Mutations in nAChRs are found in a rare form of nocturnal frontal lobe epilepsy (ADNFLE). Previously, some nAChR mutations have been described that are associated with additional neurological features such as psychiatric disorders or cognitive defects. Here, we report a new CHRNB2 mutation located in transmembrane region 3 (M3), outside the known ADNFLE mutation cluster. The CHRNB2 mutation I312M, which occurred de novo in twins, markedly increases the receptor's sensitivity to acetylcholine. Phenotypically, the mutation is associated not only with typical ADNFLE, but also with distinct deficits in memory. The cognitive problems are most obvious in tasks requiring the organization and storage of verbal information.
"Interest for nAChR in several epileptic syndromes previously considered “idiopathic” was rekindled by the finding that altered functional properties of nAChR are implicated in the pathogenesis of nocturnal frontal lobe epilepsy (NFLE), and that seizures induced by nicotine in rodents model nAChR-related epilepsy. NFLE is linked with mutations of the α4 or β2 subunits , , , , , , the most abundantly expressed subunits in the CNS . Though in human NFLE, or in genetically engineered mice that model the disease, functional properties of nAChRs are intimately altered, nicotine evokes seizures by over-activating a healthy system. "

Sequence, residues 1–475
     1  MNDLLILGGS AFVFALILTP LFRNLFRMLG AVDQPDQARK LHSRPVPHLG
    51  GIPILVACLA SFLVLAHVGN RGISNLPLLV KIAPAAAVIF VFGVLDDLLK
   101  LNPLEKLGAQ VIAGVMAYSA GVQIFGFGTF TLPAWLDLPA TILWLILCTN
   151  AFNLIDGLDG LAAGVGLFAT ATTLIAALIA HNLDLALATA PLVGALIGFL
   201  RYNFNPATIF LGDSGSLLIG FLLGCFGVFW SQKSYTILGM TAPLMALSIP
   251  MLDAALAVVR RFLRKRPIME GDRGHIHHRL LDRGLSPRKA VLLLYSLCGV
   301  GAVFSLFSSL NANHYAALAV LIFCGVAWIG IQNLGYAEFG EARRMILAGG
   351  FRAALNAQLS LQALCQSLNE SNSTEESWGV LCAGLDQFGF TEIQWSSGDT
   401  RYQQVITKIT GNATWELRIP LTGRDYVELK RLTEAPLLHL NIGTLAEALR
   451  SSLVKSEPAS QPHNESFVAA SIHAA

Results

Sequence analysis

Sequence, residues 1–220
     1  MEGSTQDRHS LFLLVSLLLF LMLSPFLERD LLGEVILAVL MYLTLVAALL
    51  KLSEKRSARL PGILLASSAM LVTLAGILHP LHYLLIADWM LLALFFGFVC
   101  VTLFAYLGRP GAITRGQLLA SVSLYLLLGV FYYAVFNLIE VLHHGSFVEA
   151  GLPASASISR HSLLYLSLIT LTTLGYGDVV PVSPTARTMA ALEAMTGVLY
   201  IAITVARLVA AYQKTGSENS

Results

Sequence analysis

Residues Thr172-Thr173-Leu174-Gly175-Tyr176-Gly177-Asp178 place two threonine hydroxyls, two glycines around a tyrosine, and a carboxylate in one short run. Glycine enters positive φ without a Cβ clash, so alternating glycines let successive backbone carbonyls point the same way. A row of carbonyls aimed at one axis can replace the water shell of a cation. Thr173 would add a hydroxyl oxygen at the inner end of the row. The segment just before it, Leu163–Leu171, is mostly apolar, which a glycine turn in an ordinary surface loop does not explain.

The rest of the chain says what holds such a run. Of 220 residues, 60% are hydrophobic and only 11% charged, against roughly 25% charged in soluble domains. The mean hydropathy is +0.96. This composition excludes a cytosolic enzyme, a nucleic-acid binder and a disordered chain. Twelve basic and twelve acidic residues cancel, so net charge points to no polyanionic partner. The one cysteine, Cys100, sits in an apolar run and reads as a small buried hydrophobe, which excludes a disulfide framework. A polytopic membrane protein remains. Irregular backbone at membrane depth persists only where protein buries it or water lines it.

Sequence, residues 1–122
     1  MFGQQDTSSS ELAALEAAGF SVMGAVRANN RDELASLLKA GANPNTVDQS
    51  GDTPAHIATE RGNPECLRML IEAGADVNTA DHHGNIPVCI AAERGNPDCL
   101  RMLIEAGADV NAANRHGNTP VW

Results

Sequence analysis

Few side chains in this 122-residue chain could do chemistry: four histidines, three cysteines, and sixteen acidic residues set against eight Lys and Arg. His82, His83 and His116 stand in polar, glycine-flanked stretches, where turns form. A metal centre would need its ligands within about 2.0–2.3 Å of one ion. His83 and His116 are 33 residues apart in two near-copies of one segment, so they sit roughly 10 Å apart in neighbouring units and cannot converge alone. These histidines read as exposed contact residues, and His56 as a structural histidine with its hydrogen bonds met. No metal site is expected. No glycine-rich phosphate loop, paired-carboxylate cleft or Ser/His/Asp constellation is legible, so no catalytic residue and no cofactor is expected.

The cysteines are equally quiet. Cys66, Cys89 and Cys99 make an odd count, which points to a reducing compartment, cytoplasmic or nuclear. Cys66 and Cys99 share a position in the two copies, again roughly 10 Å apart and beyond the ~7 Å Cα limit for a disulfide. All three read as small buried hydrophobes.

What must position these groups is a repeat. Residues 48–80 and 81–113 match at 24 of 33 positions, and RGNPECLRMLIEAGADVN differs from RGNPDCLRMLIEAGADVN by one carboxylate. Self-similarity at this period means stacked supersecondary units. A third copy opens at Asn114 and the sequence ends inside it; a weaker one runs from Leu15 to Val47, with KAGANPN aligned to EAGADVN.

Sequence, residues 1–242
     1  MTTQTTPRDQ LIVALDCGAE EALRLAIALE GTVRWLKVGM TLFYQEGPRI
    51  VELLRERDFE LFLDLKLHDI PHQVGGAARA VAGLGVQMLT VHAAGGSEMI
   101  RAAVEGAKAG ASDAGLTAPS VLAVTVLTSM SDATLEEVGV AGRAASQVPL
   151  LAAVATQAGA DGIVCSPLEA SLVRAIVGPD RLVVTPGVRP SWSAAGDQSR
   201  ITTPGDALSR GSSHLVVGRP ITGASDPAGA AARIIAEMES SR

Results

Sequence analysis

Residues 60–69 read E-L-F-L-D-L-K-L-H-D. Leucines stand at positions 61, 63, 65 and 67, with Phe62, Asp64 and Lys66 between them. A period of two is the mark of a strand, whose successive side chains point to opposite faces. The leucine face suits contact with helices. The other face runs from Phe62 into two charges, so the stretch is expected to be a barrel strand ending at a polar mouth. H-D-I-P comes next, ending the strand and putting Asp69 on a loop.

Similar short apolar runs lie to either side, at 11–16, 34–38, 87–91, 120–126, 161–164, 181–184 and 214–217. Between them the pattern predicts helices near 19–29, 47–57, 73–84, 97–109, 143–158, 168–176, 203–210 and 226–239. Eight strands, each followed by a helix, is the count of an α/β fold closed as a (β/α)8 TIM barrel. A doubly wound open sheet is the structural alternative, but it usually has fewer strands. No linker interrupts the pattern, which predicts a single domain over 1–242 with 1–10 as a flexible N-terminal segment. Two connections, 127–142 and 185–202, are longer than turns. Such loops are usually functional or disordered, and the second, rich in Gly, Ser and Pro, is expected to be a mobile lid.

[Show abstract][Hide abstract] ABSTRACT: Nicotinic acetylcholine receptors (nAChRs) are involved in seizure mechanisms. Hence, nocturnal frontal lobe epilepsy was the first idiopathic epilepsy linked with specific mutations in α4 or β2 nAChR subunit genes. These mutations confer gain of function to nAChRs by increasing sensitivity toward acetylcholine. Consistently, nicotine elicits seizures through nAChRs and mimics the excessive nAChR activation observed in animal models of the disease. Treatments aimed at reducing nicotinic inputs are sought as therapies for epilepsies where these receptors contribute to neuronal excitation and synchronization. Previous studies demonstrated that peroxisome proliferator-activated receptors-α (PPARα), nuclear receptor transcription factors, suppress nicotine-induced behavioral and electrophysiological effects by modulating nAChRs containing β2 subunits. On these bases, we tested whether PPARα agonists were protective against nicotine-induced seizures. To this aim we utilized behavioral and electroencephalographic (EEG) experiments in C57BL/J6 mice and in vitro patch clamp recordings from mice and rats. Convulsive doses of nicotine evoked severe seizures and bursts of spike-waves discharges in ∼100% of mice. A single dose of the synthetic PPARα agonist WY14643 (WY, 80 mg/kg, i.p.) or chronic administration of fenofibrate, clinically available for lipid metabolism disorders, in the diet (0.2%) for 14 days significantly reduced or abolished behavioral and EEG expressions of nicotine-induced seizures. Acute WY effects were reverted by the PPARα antagonist MK886 (3 mg/kg, i.p.). Since neocortical networks are crucial in the generation of ictal activity and synchrony, we performed patch clamp recordings of spontaneous inhibitory postsynaptic currents (sIPSCs) from frontal cortex layer II/III pyramidal neurons. We found that both acute and chronic treatment with PPARα agonists abolished nicotine-induced sIPSC increases. PPARα within the CNS are key regulators of neuronal activity through modulation of nAChRs. These effects might be therapeutically exploited for idiopathic or genetically determined forms of epilepsy where nAChRs play a major role.